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Deck the Halls (2006)

by on 2012/12/17

deck_the_halls_2006“I’m the Christmas guy! I’m the Christmas guy!”

* *

No matter how hard I try, December is always exhausting. I get my Christmas shopping done early. I chip away at it over the course of months. This year, I even wrapped everything early.

It is still exhausting.

It is always, always the busiest season at work. It is like everyone waits to scramble out all the major projects in December. That agony is compounded with even more family obligations, trips to the mall and grocery store.

Plus people act increasingly unhinged as we race frantically toward Christmas. Reckless driving, people melting down in retail line ups, families elbowing their way to the toy displays.

Unfortunately, bad behaviour is all around us this – and every – festive season.

Filmed in British Columbia, this vehicle about bad holiday behaviour starring Danny DeVito (Batman Returns) and Matthew Broderick (Ferris Bueller’s Day Off) should have struck some resonant chord with me.

I can’t stress enough how absolutely, positively Deck the Halls did not.

I have loved movies where a Matthew Broderick suffers the ignominy of suburban adulthood like Election. Matthew suffers here too. But ultimately, the audience suffers more.

Broderick plays Steve Finch, an officious man who loves Christmas and subjects his cringing family to a festive forced march every year. We are talking matching sweaters, chopping down the fir tree in the forest, caroling. Shudder.

Danny DeVito plays Buddy Hall, a car salesperson with a monomania for making his home holiday decorations so bright and impressive they can be seen from space.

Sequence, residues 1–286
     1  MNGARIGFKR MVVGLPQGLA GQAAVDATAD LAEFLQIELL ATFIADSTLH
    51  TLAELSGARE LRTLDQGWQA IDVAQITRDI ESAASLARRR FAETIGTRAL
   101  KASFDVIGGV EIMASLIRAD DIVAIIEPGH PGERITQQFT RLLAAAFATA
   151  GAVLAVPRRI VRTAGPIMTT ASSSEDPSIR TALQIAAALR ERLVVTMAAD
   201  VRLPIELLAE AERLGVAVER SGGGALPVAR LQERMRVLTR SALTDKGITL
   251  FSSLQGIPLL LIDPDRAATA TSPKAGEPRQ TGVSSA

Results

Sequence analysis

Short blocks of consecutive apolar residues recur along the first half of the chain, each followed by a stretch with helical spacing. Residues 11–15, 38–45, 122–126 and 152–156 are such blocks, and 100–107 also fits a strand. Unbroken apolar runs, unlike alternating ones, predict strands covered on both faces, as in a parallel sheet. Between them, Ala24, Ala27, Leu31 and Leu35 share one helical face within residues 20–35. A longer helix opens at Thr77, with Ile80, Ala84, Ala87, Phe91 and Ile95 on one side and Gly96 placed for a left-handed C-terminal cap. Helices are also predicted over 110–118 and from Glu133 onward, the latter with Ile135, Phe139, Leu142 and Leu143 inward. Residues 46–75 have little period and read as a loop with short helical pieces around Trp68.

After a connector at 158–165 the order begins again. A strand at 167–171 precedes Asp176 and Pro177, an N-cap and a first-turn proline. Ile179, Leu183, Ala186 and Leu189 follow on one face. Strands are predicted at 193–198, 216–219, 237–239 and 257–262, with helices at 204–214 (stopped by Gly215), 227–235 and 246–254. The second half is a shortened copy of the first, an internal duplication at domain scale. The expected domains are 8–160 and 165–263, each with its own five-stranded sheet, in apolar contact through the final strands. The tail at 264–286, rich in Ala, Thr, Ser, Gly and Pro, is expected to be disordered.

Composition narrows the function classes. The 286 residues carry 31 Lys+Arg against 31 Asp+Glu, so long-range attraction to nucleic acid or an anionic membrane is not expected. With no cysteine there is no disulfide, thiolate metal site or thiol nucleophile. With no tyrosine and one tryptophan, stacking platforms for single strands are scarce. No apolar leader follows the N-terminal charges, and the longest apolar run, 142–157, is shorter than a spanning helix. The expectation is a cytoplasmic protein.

And… that’s about it. The house gets more and more bright and more and more garish. Broderick’s character doesn’t like it and acts out. DeVito’s character retaliates. Rinse, repeat.

Bad special effects are used to make the grown ups hurting themselves scenes more spectacular.

Normally, Miss_Tree my favourite teenager and I like a good non-fatal accident involving silly men behaving badly.

Not this time.

The real fascination in the film is how Matthew Broderick and Danny DeVito avoid checking their watches during each of their scenes. Poor guys.

There are some incredible people in this awful movie. Fred Armisen (Easy A), Kal Penn (Harold & Kumar Go To White Castle), Alia Shawkat (Whip It) and Gillian Vigman (40-Year-Old Virgin). Unfortunately, they are also given nothing – absolutely nothing – to work with here.

A bad script, poor-taste sight gags, horrible blue screen special effects, sleepwalking, distracted performances, a thread-bare plot, it is impossible to pick through the wreckage and find anything redeeming here. Even Armisen is awful and I love him in everything – how does that even happen?

In fact, if you’ve gotten this far, I want to give you – just you, yes, you – a present. E-mail me your co-ordinates and I will mail you this movie, at no charge and no strings attached.

Er, in the spirit of the season and stuff.

It is yours.

Take it.

Please.

* *

93 min

Rated PG for some crude and suggestive humor, for language and Broderick and DeVito nude in a sleeping bag for um, medical reasons

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